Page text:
Open: Tuesday - Friday 7:30 a.m. - 6:30 p.m. and Saturday 8:30 a.m. - 5:00 p.m.   | Closed Sunday & Monday |

Friday 7:30 a.m. - 6:30 p.m.

Saturday 8:30 a.m. - 5:00 p.m.

Closed Sunday & Monday

Call  (719) 219-8569

Call  (719) 219-8569

The days are getting longer. The drifts of pet hair are getting deeper as the drifts of snow recede and our furry friends say good-bye to their winter coats and prepare for the summer season.   As the temperatures are stretching toward the seventies we may look to our pets and ask ourselves the annual question: To shave or not to shave.

Shaving the coat on your dog or cat doesn’t exactly reduce the amount of shedding, they just shed shorter hairs that are less obnoxiously visible on the carpet and furniture. It may not bring a perfect resolution to the hair war, but it can at least bring a noticeable benefit.   In breeds that are traditionally groomed with a short hair coat it can also reduce the maintenance required to prevent tangles and mats. Cats can benefit from shaving when they have coats that develop mats that pull at the skin and make them quite uncomfortable. These are usually the cats that won’t let you within a five yard radius of them while you are holding the comb that could prevent all the mat problems in the first place. At a veterinary hospital we can get around the major obstacle to shaving cantankerous cats-- the amount of first aid needed by the wielder of the clippers by the end of the procedure--by sedating or even anesthetizing them so as to get the job done with maximum swiftness and aesthetic value and minimum bloodshed. Beware the temptation to pull out the scissors in order to trim off that one pesky mat. It is nearly impossible to tell the difference between the end of the mat and the beginning of the skin. We spend quite a bit of time sewing up some dramatic lacerations caused in the name of de-matting a pet with scissors.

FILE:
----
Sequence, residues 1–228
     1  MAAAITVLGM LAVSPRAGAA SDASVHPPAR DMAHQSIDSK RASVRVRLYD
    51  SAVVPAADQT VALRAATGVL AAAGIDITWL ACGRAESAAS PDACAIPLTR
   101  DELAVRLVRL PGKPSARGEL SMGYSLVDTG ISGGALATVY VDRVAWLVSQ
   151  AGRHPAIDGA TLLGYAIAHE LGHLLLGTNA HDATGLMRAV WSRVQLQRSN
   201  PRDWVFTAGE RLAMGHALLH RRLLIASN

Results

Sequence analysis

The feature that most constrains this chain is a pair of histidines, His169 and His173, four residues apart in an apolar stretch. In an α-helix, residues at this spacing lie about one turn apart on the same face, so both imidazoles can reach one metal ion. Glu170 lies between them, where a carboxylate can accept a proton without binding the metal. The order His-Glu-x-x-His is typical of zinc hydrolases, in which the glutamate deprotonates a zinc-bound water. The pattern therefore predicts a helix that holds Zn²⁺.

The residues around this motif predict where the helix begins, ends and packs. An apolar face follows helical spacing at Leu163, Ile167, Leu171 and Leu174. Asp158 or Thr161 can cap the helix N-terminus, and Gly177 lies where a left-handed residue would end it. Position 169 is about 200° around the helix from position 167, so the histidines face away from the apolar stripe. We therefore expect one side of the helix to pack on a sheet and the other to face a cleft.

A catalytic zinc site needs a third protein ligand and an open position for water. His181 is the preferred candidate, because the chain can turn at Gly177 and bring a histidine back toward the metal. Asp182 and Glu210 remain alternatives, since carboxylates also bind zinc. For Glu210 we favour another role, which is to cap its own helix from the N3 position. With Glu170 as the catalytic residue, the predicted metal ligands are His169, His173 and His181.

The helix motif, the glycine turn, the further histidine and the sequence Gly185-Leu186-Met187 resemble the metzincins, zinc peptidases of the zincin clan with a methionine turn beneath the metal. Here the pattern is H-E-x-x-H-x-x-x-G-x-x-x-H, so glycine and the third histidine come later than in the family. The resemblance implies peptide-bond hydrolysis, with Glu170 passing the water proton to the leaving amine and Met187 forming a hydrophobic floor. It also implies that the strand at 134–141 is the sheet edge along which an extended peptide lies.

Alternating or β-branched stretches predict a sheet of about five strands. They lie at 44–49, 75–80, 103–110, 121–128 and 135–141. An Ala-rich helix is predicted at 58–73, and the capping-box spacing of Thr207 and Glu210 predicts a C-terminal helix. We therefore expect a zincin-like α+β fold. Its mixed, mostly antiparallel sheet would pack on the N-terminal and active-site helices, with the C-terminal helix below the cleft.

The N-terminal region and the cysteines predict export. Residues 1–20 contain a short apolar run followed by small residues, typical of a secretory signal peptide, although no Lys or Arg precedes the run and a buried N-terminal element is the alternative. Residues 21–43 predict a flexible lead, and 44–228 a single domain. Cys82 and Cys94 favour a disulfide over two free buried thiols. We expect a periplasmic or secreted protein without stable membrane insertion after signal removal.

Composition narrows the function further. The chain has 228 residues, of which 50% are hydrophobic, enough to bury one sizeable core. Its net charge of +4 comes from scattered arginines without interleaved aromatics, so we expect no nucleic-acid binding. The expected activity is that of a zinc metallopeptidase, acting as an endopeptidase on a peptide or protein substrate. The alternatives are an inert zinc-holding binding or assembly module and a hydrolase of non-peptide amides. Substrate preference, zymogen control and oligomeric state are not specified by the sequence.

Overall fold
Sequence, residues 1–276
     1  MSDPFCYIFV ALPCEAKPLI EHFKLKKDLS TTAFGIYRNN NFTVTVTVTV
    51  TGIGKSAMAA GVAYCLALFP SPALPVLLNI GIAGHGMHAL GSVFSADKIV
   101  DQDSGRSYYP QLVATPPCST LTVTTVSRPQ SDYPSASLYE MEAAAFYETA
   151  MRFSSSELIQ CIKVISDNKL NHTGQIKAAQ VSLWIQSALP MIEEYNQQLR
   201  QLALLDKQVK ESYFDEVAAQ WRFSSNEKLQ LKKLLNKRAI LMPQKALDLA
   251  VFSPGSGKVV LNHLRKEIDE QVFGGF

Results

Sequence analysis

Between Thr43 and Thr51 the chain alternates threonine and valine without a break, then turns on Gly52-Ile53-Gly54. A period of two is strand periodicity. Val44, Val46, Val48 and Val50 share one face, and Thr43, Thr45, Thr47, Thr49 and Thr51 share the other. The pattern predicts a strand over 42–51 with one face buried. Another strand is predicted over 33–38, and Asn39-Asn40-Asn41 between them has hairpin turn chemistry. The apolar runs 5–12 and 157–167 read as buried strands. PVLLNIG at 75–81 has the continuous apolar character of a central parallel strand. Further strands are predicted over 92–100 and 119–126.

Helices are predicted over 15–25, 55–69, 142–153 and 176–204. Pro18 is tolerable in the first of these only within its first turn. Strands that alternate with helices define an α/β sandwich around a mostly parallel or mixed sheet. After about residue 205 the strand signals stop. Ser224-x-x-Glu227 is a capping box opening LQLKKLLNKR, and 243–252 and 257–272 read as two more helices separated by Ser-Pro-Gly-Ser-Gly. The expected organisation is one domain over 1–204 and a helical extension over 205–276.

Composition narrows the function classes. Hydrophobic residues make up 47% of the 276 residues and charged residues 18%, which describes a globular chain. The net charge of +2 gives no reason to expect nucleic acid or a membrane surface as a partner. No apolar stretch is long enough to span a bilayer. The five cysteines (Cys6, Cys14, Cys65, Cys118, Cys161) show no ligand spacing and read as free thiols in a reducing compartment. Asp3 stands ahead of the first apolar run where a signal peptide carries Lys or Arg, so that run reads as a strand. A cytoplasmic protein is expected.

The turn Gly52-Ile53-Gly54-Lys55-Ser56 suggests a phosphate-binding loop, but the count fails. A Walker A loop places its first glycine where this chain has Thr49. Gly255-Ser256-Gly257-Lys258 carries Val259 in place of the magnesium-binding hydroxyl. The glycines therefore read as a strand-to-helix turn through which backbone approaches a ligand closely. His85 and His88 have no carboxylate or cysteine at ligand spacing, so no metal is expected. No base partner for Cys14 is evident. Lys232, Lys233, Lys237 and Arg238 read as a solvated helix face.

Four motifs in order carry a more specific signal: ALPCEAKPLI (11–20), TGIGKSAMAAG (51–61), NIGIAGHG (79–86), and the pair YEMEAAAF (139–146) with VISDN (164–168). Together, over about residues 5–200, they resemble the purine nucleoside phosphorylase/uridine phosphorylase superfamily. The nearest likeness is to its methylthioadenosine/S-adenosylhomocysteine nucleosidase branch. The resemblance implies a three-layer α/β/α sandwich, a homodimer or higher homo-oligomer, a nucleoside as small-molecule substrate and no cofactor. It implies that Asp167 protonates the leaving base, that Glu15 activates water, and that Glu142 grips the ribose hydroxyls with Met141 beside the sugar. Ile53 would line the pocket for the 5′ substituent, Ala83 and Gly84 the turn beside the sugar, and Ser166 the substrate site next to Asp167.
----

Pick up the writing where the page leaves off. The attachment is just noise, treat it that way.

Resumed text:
Outside of general grooming, the other reason many people decide to have their pet shaved is to keep them cooler during the hot weather. It is a perfectly understandable impulse when you are sweltering on a hot day to look over to your Husky, or Pomeranian and think to yourself “I am miserably hot as it is, if I had to go around in a fur coat like that I think I would die.” It turns out, however, that a dog’s body temperature regulation system is very different than ours, so cutting that coat off may not be doing the favor you think it is.

People cool their bodies by sweating. As the sweat evaporates from the skin it carries heat with it. Anything that makes a barrier to that evaporation, for instance a fur coat, reduces the effectiveness of our cooling process and we stay hot. Dogs, however, do not cool their bodies by evaporation of sweat from the skin, they rely primarily on evaporation of saliva from the tongue. Their coats actually play a secondary role in keeping them cool. The hairs of the undercoat trap a layer of body temperature air around the skin and the longer guard hairs of the top coat reflect the heat from the sun. So that hot looking fur coat actually functions like a portable air conditioner that reduces the amount of heat absorbed from the outside and makes for less work panting to keep cool. When we shave that system off we are allowing all the hot outside air and radiant heat from the sun to go directly to the skin and thus make the dog even hotter as well as putting all that newly exposed skin at risk for sunburn.

The last thing to consider before having your dog shaved down is what the long term consequences to the coat may be. Clippers, even when expertly used, will cause a little inflammation in the skin. Often this is of no consequence, especially in breeds that are traditionally clipped close. Many breeds that are not commonly shaved are that way for a reason. It is not unusual for Golden Retrievers, Chows, Pomeranians, and most arctic breeds to have their hair follicles so angered by the small amount of inflammation caused by the clippers that they never grow hair normally again. If you see a Malamute walking down the street with a wooly, felted coat there is a good chance that he has been shaved before and his coat has been ruined. This does not always happen with these types of dogs, but it is nearly impossible to guess which individuals will be affected. Your groomer will probably do whatever you ask, but if you talk with her she may be able to give you some sound advice about whether a shave-down is the best choice for your breed of dog.